How to speed up your WordPress website with caching
We all want more speed for our websites, and now that search engines use loading speed as a ranking factor it’s even more important to make sure our sites load as quickly as possible.
One of the quickest way to rev up the speed of your WordPress website is to install a caching plugin.
Caching works on the idea that most website pages don’t change that often, so it’s not necessary to always go to the host server to download a fresh copy of the page each time a site visitor requests it. Instead, the visitor can be shown a static HTML version that is much lighter than the original WordPress page while still looking exactly the same. If the original WordPress page is changed in anyway, a new cached version is created and this is then served to visitors.
The result is that much less data has to be accessed from the host server, speeding up file access and download times considerably.
Depending on the plugin you use, caching plugins can also speed up your site by compressing files and enabling ‘lazy loading’ of images. With lazy loading, the images are only loaded when the visitor scrolls down to the part of the page where they are set (as opposed to loading everything at once when the visitor arrives on the page).
Recommended caching plugins
Three caching plugins that you will often see recommended are WP Super Cache (free), W3 Total Cache (free) and WP Rocket (premium).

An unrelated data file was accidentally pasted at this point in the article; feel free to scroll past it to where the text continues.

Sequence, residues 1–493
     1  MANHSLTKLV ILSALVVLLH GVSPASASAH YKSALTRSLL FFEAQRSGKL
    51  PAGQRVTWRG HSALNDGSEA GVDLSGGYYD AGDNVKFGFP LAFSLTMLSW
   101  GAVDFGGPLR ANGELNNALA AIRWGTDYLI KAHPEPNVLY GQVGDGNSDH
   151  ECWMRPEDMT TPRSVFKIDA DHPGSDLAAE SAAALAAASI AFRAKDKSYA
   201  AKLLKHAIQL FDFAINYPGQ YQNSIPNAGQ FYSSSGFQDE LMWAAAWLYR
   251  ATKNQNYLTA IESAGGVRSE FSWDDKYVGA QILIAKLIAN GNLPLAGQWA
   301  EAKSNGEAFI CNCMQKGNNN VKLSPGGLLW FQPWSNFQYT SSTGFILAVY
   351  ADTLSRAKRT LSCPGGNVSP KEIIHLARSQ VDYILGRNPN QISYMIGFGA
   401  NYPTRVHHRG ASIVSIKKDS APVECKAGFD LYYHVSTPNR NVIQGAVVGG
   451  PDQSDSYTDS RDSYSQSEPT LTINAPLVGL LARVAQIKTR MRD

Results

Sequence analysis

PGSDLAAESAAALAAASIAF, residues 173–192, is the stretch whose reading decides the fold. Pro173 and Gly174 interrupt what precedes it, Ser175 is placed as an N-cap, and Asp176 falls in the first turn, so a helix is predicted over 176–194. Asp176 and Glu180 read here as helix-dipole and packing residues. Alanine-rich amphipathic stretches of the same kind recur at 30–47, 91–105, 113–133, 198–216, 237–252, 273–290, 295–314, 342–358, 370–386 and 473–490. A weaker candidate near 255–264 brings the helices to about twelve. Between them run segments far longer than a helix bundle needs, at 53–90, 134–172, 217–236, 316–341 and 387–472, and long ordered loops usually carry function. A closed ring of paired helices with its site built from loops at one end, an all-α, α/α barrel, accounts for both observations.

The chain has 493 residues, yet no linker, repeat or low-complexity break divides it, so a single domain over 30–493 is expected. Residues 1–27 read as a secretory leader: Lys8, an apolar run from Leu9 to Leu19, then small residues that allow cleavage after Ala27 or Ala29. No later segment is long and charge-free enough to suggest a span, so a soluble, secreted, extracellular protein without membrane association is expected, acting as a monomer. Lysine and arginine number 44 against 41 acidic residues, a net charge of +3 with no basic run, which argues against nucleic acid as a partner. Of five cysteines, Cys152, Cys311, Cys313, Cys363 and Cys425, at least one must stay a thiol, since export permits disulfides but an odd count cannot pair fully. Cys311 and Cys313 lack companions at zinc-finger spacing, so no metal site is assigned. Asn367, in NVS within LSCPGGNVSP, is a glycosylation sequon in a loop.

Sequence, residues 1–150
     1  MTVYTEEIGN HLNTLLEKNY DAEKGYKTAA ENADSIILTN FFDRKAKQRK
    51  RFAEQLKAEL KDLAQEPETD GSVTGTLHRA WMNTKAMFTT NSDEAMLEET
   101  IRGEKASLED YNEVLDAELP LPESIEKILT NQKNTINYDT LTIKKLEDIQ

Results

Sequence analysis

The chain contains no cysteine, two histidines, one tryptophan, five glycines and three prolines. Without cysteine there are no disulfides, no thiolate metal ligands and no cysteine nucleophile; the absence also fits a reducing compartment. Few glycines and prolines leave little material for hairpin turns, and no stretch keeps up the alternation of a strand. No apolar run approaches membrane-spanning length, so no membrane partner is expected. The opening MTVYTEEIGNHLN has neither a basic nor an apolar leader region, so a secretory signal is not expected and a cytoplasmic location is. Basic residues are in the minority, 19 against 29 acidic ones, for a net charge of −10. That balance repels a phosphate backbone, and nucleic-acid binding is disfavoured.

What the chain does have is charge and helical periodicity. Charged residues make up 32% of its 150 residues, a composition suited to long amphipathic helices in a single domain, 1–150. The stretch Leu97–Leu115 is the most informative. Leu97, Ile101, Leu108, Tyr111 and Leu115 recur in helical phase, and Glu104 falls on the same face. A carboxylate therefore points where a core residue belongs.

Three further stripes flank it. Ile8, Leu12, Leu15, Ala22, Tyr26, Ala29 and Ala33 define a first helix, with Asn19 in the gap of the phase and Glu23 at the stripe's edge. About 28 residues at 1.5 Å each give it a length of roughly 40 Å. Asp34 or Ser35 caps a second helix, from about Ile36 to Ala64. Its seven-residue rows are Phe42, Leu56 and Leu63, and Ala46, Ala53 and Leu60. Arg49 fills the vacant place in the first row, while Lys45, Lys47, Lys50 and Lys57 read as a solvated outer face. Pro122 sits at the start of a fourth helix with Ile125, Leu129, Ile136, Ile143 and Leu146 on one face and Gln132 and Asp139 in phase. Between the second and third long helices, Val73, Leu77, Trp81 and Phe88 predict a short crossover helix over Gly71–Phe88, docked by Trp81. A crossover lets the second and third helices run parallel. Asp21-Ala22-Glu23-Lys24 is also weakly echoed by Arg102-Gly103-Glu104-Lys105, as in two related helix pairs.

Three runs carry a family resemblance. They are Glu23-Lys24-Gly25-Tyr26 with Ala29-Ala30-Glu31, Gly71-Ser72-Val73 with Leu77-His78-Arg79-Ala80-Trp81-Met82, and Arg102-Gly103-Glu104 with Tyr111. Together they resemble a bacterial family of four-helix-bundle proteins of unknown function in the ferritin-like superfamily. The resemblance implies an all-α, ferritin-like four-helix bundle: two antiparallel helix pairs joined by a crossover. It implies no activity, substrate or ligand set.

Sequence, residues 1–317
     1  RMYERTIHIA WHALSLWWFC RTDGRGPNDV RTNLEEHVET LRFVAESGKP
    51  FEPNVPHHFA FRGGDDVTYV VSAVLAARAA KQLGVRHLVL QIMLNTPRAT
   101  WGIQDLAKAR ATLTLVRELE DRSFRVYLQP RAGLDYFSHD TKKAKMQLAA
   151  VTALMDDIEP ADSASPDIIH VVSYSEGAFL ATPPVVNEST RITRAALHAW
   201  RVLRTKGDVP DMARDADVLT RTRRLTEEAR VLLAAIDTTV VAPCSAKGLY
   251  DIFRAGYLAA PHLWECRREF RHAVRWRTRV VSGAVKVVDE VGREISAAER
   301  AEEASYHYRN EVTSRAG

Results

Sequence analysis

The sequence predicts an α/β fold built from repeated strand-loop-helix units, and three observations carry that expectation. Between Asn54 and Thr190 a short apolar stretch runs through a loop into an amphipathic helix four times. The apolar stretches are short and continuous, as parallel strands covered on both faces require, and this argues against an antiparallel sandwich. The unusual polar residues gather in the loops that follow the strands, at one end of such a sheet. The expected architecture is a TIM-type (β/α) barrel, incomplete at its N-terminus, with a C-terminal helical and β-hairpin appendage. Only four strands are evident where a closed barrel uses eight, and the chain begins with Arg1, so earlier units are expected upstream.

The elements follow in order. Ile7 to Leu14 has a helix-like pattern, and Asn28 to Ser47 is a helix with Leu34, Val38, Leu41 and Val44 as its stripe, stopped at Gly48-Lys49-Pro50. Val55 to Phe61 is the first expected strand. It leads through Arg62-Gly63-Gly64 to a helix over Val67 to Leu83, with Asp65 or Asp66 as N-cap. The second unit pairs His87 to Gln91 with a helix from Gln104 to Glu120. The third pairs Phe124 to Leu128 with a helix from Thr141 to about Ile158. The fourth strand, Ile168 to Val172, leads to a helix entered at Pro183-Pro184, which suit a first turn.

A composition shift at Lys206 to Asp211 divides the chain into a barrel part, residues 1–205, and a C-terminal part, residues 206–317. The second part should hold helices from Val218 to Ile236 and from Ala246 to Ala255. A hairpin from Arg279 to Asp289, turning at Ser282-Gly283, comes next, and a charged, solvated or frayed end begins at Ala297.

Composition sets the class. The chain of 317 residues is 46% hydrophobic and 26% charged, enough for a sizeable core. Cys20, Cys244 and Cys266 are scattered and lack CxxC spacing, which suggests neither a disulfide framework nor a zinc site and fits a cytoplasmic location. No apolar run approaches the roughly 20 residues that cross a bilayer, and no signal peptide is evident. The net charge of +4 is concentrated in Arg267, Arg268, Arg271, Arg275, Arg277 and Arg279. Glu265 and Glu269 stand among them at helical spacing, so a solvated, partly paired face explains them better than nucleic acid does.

Of the three, WP Rocket has perhaps the highest recommendation and is recognised as being very easy to set up. We can attest to that because it’s the plugin we have been using for our own sites and those of our clients.
So does it really make a difference?
The bottom line after doing a few tests is that the plugin does indeed make a significant difference in website performance.
Take a look at the speed test performed using GTMetrix below. We did the first test on the WebRabbit site with WP Rocket already installed and activated:
Then we de-activated the plugin and did a second test:
As you can see, the second test without the plugin running was significantly slower than the first test with the plugin activated. We went from an ‘A’ down to a ‘D’ on pagespeed score. Needless to say, we reactivated Rocket right away.
Then install a caching plugin and run the test again. Hopefully you will see a noticeable difference in speed.
Bear in mind that another factor that slows down sites is inferior hosting. WordPress needs to be hosted on powerful servers with enough space to dish up your pages swiftly. So if you’ve gone for the cheapest hosting option, it might be time for an upgrade.
WP Rocket for WebRabbit clients
If you are an existing client of WebRabbit we offer an installation and setup service. Contact us and we’ll give your site a speed boost.